Barbara R. Snyder Comes Home, Formally Invested as President at Fall Convocation
Like the Case Western Reserve University students she welcomed to the start of the 2007 academic year during the annual Fall Convocation, Barbara R. Snyder said that in some ways, she, too, is just beginning her education here.
As part of the 2007 convocation ceremony on August 29, Frank N. Linsalata, chair of the university's board of trustees, formally invested Snyder with the responsibilities and authority of the institution's leadership position and bestowed upon her the President's Medal during her formal installation as Case Western Reserve's newest president.
Although she started her academic career as a faculty member at the Case Western Reserve School of Law in the 1980s, Snyder said so many things have changed since then that she has much to learn.
"Back then, CDs were the new thing, and cell phones weighed pounds rather than ounces," she jested before an audience of over a 1,000 in Severance Hall. "Much has changed in the years I was gone, so it is fair to say that more about the university is new to me than is familiar."
Snyder said the best way for her to learn about the current Case Western Reserve is to continue to spend time with students, faculty, staff, alumni and friends. She cited several historic and recent accomplishments of members of the university community she has come to know.
"Our university is filled with potential; the potential to be among a small number of truly great urban research universities," Snyder said. "Beginning now, we have the opportunity, indeed, the responsibility, to create its future, to ensure that our university lives up to its enormous promise."
Snyder pledged to work with university stakeholders to create a measurable strategic plan and to restore the long-term financial health of the institution.
The university's newest and first woman president drew special attention to the quote from T.S. Eliot's The Four Quartets—"Home is where one starts from"—that has served as the theme for this year's convocation and investiture ceremony. In concluding, she quoted four more lines: We shall not cease from exploration/And the end of all our exploring/Will be to arrive where we started/And know the place for the first time.
"In many ways, I am getting to know this place, the Case Western Reserve University of the 21st century, for the first time," Snyder said. "But even as I begin, I already have no doubt that it is home." Read Snyder’s complete remarks.
Alumni Input Sought on University Homepage
Case Western Reserve University alumni are reminded that they have until September 7 to offer feedback via the university's Web Development Blog on the proposed redesign of the university's homepage. Questions to be considered: What are the two or three most important objectives of a university Web homepage? Who are the two or three most important audiences for a university Web homepage? What kinds of content would best meet those objectives and reach those audiences? The redesign of the homepage has been a multiyear process, with input and ideas solicited from members of the university community.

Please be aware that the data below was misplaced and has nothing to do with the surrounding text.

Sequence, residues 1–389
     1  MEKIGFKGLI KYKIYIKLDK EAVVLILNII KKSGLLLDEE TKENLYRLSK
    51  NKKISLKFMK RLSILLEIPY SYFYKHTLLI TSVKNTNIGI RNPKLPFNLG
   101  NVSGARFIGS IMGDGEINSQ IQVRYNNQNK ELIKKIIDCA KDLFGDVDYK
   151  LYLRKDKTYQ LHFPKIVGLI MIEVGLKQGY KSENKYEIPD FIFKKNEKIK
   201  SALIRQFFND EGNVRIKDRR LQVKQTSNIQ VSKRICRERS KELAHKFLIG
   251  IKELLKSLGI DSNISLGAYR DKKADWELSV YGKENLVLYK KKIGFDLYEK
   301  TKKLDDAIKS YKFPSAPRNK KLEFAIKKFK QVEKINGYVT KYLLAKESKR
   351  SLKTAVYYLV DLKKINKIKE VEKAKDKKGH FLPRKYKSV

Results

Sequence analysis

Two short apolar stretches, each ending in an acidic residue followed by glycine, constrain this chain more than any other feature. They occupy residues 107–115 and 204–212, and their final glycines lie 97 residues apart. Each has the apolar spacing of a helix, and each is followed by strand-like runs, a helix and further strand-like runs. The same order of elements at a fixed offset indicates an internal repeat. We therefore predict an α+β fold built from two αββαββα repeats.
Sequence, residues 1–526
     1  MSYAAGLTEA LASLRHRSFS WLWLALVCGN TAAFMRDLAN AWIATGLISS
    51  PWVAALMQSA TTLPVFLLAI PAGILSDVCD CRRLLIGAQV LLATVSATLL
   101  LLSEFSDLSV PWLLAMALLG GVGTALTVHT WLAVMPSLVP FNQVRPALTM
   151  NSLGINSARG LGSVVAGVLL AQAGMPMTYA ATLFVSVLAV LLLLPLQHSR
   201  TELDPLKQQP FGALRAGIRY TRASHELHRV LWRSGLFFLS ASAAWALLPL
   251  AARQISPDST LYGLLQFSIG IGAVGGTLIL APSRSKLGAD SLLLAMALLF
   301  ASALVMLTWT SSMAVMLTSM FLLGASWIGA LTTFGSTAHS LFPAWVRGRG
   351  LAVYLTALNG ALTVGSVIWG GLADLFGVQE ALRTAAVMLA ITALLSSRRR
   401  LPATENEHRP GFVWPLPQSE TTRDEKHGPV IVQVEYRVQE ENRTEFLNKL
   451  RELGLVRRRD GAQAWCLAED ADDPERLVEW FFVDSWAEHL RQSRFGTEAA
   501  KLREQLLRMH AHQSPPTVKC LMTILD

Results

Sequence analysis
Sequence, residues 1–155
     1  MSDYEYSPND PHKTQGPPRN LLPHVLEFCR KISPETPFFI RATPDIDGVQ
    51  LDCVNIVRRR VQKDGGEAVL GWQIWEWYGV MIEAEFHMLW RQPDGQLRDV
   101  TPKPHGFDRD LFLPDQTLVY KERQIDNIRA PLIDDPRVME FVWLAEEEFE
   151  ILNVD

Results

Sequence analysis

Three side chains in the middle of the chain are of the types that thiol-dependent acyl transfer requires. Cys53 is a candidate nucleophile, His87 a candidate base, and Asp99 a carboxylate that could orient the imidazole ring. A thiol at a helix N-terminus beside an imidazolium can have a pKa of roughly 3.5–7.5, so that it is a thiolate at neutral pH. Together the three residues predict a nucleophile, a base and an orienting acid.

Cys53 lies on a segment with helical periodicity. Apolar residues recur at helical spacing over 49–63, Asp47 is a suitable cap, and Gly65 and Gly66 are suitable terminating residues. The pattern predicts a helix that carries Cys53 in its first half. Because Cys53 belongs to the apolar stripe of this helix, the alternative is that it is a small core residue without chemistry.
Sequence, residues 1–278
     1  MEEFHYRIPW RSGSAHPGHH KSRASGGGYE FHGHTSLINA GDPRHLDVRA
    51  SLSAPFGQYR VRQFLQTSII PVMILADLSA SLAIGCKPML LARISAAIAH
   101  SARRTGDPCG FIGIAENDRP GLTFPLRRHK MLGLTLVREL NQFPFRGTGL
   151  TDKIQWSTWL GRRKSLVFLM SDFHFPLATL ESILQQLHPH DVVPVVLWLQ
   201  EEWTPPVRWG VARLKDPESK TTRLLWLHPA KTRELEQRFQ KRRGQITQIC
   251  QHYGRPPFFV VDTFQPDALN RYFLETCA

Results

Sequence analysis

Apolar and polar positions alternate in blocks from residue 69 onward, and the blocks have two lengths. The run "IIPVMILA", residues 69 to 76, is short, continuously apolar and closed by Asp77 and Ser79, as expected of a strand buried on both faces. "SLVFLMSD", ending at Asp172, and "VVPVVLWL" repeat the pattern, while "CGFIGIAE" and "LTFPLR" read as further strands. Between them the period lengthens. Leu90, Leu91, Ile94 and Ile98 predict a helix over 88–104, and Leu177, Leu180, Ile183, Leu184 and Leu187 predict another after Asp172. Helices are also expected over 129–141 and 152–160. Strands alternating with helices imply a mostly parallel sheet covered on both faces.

Two days remain to spruce up the office or residential housing unit via the annual Thwing Plant and Poster Sale. Buy plants or posters today and tomorrow, August 30-31, in Thwing Center ballroom. Plants are $3-$15. Learn more.
The Task Force on Sexual Conduct has launched its Sexual Conduct at Case Web site, and encourages feedback from the campus community. Send feedback by e-mail to the Center for Women. The Task Force was formed in May 2005 and advocates for a safe campus, where ethical relationships and mutual respect among students, faculty and staff are expected and encouraged.
For Faculty & Staff
Check out Kelvin Smith Library's digital library, which archives, preserves and disseminates the intellectual output of research at the university in electronic formats, as well as collections of historical library materials that have been digitized. View and research the online collection, exhibit, images and the scholarship of faculty, graduate students and professional staff.
Interested in joining Case Crew? Join the group by filling out the interest form on the Crew Club Web site. Everyone is welcome; no experience necessary.
The Weatherhead Business Fellowship will host its kickoff party from 11:30 a.m. to 1:30 p.m., September 6 at the Peter B. Lewis Building, Room 02. Snacks and beverages will be served. All students, faculty and staff who are interested in the integration of Christian faith and business are invited.
John R. Carter, 90, retired professor of pathology and orthopaedics at the Case Western Reserve University School of Medicine, died August 26 at his home in Willoughby. He also was director of the school's Institute of Pathology. Read the full obituary.
Peter C. Wang, 88, helped folks quit smoking, relieved their arthritis pain and immersed them in Chinese culture. The former Gates Mills resident, who died July 26, opened a Chester Township acupuncture clinic with his wife, Rose, in the late 1970s. Wang was a lecturer at Case Western Reserve in the Division of Special Interdisciplinary Studies from 1969-1974 and in the Division of Modern Languages and Literature from 1974-1976. Read the full obituary.